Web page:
Russian Court Orders Seizure of JP Morgan’s Assets

A court in St. Petersburg has ordered the seizure of the Russian assets of JPMorgan Chase & Co. (NYSE: JPM), worth around $440 million, in relation to a lawsuit filed by VTB Bank, Russia’s second-largest lender. 

The legal dispute stems from VTB’s funds totaling $439.5 million, which were held in a JPMorgan account in the United States. Following the imposition of sanctions on VTB, JPMorgan had to transfer the funds to a separate escrow account, rendering them inaccessible to both parties.

In response, VTB filed a lawsuit against JPMorgan on April 17th, seeking to recover the frozen funds. The Russian bank argued that JPMorgan was taking steps to withdraw its assets from Russia, prompting the court to freeze the U.S. bank’s accounts, stake in a Russian subsidiary, and property rights related to certain trademarks.

The court’s ruling highlights the broader challenges faced by Western companies operating in Russia. JPMorgan had previously warned of potential litigation and asset seizures in the country due to its inability to process certain transactions under the sanctions regime.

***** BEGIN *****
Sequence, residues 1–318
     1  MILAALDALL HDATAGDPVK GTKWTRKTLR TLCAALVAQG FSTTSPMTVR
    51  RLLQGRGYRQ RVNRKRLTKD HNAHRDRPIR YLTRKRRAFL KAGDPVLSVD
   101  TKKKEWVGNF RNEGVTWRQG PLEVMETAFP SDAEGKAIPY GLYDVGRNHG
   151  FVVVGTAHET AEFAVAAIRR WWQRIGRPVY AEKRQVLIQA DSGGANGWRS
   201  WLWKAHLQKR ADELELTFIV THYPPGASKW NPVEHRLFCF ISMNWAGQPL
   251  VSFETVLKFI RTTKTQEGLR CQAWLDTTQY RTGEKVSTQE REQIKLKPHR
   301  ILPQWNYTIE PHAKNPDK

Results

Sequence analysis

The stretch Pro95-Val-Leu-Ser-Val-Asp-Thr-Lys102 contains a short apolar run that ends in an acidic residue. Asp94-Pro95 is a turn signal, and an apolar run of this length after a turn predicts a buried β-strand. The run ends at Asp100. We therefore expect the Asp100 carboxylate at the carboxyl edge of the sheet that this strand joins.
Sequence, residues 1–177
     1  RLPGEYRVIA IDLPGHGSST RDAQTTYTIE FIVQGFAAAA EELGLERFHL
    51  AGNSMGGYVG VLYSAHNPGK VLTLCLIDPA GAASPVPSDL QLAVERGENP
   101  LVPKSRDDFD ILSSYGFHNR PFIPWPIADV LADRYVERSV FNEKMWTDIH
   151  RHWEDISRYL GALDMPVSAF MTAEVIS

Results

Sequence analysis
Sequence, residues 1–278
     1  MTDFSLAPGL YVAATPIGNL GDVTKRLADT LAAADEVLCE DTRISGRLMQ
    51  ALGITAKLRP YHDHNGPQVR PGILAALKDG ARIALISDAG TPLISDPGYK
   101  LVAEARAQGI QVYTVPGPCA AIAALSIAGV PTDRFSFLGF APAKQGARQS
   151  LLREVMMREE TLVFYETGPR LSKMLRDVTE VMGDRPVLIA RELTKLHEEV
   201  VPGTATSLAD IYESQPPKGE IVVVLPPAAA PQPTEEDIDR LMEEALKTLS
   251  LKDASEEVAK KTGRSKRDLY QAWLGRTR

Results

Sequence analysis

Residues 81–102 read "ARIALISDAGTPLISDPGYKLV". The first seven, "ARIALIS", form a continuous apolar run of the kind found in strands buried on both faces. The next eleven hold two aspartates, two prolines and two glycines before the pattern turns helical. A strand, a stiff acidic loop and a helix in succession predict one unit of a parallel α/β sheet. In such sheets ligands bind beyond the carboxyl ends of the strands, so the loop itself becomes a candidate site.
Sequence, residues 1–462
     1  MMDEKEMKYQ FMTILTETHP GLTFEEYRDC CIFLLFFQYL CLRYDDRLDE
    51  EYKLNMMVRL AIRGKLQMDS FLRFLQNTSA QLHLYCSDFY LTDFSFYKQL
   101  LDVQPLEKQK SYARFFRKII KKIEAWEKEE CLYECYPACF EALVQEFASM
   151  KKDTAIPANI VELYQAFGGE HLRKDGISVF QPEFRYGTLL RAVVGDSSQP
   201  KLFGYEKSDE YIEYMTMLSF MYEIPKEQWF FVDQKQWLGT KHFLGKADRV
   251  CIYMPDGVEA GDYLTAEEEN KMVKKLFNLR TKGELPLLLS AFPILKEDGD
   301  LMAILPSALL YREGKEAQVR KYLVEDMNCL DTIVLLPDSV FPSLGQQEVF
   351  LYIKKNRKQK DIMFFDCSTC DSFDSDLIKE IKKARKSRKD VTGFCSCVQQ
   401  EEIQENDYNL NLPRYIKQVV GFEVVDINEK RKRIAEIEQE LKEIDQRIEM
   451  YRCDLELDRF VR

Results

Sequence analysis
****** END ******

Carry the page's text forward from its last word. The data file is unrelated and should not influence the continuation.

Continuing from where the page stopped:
The move is also indicative of the difficulties Western banks face in executing their pledges to exit the Russian market following the invasion of Ukraine. While JPMorgan and Goldman Sachs announced plans to close their Russian operations, experts have cautioned that the process could take over a year, with approval from President Vladimir Putin himself required.

Other major Western banks, including Citigroup, UniCredit, and Raiffeisen Bank International, continue to operate in Russia. Last year, a Russian court froze $36 million worth of Goldman Sachs’ assets following a lawsuit by a state-owned bank, while another court seized $204 million of Volkswagen’s assets pending a lawsuit by a former partner.

Information for this story was found via Bloomberg, the Financial Times, and the sources and companies mentioned. The author has no securities or affiliations related to the organizations discussed. Not a recommendation to buy or sell. Always do additional research and consult a professional before purchasing a security. The author holds no licenses.

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